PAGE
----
MONTREAL — Explosive, unproven allegations against Valeant Pharmaceuticals have caught the eye of a Canadian regulator and raised serious questions about its business structure — even from the company's long-time supporters.
The market value of Canada's biggest publicly traded pharmaceutical company has been cut by more than $30 billion this week as Valeant's stock plunged Tuesday, Wednesday and again Thursday amid intense scrutiny of its business practices.
Citron Research, a U.S. firm that says it examines fraudulent and over-hyped stocks, alleged Wednesday that Valeant created a network of pharmacies to distribute its products and avoid the scrutiny of auditors.
Quebec's securities regulator says it hasn't launched a formal investigation into Valeant, which has its headquarters in Laval near Montreal, but is watching the situation "very seriously.''
"These allegations are worrying and our goal is to make sure that there was no negligence regarding our regulations,'' said Sylvain Theberge, spokesman for l'Autorite des marches financiers.
Valeant (TSX:VRX) responded on Wednesday to what it called an "erroneous report'' by issuing a detailed explanation of how it accounts for transactions with Philidor Rx Service and R&O Pharmacy, which were the focus of investigations by the New York Times and the Southern Investigative Reporting Foundation.
It had said previously that it's co-operating with U.S. government investigations into its drug pricing activities.
There have been no charges or formal allegations laid against Valeant by U.S. or Canadian authorities.
Analyst Alex Arfaei of BMO Capital Markets said that while Valeant's actions may not be illegal, the allegations raise concerns about the entire company that may not be fully eased until there is an investigation.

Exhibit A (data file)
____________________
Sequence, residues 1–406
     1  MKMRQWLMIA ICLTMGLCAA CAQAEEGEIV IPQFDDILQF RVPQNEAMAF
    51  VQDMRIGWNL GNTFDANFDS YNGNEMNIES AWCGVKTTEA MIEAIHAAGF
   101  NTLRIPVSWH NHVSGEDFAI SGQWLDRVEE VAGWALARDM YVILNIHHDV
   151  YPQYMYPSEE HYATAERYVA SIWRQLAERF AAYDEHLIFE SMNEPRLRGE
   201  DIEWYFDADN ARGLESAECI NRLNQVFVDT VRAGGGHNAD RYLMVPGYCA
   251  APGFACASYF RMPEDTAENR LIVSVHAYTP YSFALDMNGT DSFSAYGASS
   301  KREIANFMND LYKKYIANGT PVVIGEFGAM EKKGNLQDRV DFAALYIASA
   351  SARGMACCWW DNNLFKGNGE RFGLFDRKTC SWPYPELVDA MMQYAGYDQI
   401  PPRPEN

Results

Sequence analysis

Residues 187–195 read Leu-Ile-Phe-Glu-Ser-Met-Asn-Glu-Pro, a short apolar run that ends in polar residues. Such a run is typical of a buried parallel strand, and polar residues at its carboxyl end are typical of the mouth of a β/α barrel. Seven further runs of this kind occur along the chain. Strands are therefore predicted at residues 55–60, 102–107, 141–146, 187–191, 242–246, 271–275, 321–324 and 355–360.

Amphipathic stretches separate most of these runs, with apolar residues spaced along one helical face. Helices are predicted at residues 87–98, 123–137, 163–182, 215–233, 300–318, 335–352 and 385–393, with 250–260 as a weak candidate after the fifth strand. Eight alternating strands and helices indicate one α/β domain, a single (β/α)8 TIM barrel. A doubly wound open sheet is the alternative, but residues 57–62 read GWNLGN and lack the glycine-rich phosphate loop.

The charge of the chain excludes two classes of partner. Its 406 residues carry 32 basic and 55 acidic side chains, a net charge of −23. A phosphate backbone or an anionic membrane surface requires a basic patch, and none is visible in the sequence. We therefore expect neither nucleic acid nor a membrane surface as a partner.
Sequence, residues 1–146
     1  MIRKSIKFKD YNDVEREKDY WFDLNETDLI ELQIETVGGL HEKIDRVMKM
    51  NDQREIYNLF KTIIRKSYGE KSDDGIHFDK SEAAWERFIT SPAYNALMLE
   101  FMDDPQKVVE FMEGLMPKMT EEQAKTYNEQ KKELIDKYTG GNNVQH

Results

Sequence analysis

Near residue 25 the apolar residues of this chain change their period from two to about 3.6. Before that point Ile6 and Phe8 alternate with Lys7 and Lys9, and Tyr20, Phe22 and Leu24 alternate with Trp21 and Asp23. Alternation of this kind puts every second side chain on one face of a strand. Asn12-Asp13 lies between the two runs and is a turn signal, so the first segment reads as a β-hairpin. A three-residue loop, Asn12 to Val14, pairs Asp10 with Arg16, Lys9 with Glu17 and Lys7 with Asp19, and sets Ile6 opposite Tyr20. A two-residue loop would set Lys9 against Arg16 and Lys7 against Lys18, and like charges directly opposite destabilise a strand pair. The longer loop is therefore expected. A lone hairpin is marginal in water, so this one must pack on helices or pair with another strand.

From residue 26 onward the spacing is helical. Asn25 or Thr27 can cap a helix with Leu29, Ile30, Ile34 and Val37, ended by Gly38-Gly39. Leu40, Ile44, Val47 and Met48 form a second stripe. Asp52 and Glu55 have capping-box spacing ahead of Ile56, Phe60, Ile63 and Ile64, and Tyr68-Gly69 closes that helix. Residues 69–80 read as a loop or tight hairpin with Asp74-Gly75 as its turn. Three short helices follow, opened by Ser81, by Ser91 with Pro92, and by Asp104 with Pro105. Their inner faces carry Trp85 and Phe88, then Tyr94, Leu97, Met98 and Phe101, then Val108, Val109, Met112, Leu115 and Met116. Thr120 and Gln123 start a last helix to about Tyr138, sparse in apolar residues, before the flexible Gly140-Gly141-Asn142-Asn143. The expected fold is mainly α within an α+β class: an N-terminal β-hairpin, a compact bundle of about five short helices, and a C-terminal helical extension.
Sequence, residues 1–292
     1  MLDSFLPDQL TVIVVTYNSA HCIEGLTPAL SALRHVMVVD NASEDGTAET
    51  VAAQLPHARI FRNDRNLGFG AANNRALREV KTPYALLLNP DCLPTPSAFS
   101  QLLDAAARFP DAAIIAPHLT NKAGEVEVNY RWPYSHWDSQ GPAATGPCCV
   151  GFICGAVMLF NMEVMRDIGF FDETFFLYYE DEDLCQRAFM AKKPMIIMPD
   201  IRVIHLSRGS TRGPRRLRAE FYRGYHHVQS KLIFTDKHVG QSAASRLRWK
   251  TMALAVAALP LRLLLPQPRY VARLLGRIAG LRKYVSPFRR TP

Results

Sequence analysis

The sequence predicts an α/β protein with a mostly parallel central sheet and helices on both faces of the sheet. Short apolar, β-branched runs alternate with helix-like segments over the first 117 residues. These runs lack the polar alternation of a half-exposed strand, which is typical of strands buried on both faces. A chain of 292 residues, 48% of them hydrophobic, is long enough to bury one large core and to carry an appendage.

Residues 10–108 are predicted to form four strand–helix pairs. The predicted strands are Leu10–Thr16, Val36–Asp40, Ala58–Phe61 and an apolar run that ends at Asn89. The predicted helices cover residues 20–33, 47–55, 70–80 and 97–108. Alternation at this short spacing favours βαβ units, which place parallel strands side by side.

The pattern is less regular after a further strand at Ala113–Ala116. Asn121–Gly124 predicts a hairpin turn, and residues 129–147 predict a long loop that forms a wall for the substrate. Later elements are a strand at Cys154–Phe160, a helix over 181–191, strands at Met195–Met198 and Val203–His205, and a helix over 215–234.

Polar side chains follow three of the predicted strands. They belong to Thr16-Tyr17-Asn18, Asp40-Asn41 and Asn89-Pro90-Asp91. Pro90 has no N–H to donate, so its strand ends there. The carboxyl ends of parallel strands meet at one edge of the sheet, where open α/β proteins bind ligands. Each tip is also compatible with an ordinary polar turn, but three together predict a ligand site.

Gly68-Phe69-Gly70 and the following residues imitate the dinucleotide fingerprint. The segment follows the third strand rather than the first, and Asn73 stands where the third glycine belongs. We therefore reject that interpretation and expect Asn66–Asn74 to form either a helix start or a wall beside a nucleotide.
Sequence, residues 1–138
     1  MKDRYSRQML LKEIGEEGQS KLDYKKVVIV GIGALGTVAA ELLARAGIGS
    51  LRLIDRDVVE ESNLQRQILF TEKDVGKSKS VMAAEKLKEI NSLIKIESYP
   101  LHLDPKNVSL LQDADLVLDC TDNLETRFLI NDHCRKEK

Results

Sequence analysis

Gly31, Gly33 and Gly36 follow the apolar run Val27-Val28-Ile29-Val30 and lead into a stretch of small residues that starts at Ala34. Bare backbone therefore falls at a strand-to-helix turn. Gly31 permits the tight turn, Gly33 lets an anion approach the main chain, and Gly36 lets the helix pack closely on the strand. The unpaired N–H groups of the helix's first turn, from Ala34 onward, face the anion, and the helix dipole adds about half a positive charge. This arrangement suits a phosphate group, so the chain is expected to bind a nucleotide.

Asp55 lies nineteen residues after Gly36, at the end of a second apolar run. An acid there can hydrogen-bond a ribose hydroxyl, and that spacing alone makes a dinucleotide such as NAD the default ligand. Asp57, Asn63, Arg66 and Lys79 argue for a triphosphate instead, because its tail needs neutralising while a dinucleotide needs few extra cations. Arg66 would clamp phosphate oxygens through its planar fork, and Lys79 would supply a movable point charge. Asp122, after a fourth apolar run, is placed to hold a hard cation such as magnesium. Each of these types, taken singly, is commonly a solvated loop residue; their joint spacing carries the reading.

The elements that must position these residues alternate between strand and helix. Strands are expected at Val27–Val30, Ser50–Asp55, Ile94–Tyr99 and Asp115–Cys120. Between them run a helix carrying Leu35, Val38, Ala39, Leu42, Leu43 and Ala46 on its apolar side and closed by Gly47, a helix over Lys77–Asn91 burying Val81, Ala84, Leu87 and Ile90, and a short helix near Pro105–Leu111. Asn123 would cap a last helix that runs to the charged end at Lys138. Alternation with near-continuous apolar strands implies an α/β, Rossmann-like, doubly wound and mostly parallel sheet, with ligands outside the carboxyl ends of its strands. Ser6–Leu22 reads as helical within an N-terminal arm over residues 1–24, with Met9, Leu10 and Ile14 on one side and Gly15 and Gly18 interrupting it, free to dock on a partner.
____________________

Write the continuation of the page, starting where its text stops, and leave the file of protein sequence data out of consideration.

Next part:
Arfaei, who claims to be a "strong, vocal Valeant bull,'' said his analysis of the company's cash flows can't totally refute Citron's allegations of "phantom sales'' or channel stuffing.
"We find Valeant's arrangements with the specialty pharmacy Philidor as not just aggressive but questionable,'' he wrote in a report. "We believe that the questionable nature of this specific business practice casts uncertainty over the rest of the business.''
Valeant critic Vicki Bryan of Gimme Credit said the company's disclosure about its ties and potential ownership in mail-order pharmacies like Philidor shed light on U.S. investigations into its drug distribution, patient assistance program and aggressive pricing strategies.
"We also doubt this will be the last of bad news for Valeant, and apparently investors feel the same,'' she said, pointing to the 60 per cent drop in its share price since its August peak.
Activist investor Bill Ackman of Pershing Square Capital — a business partner with Valeant in its failed bid for Allergan — took advantage of Wednesday's share price meltdown to purchase more than two million Valeant shares, making it the company's second-largest shareholder.
Controversial hedge fund manager Martin Shkreli, who was roundly criticized by U.S. politicians for dramatically hiking the price of Daraprim after buying the drugmaker, tweeted he took a long position in Valeant and shorted Allergan.
Valeant has been under a considerable degree of political and legal scrutiny in the United States over hefty price increases for two heart drugs and its patient assistance program. A week ago, the company said that U.S. Attorney's offices in Massachusetts and New York had court orders for it to produce documents.
The drugmaker is one of Canada's top companies and accounts for about four per cent of the S&P/TSX composite index.
Meanwhile, Toronto law firm Koskie Minsky LLP and New York investor rights specialist Rosen Law Firm said they are each preparing potential class-action lawsuits to recover losses suffered by Valeant investors over alleged misrepresentations by Valeant.
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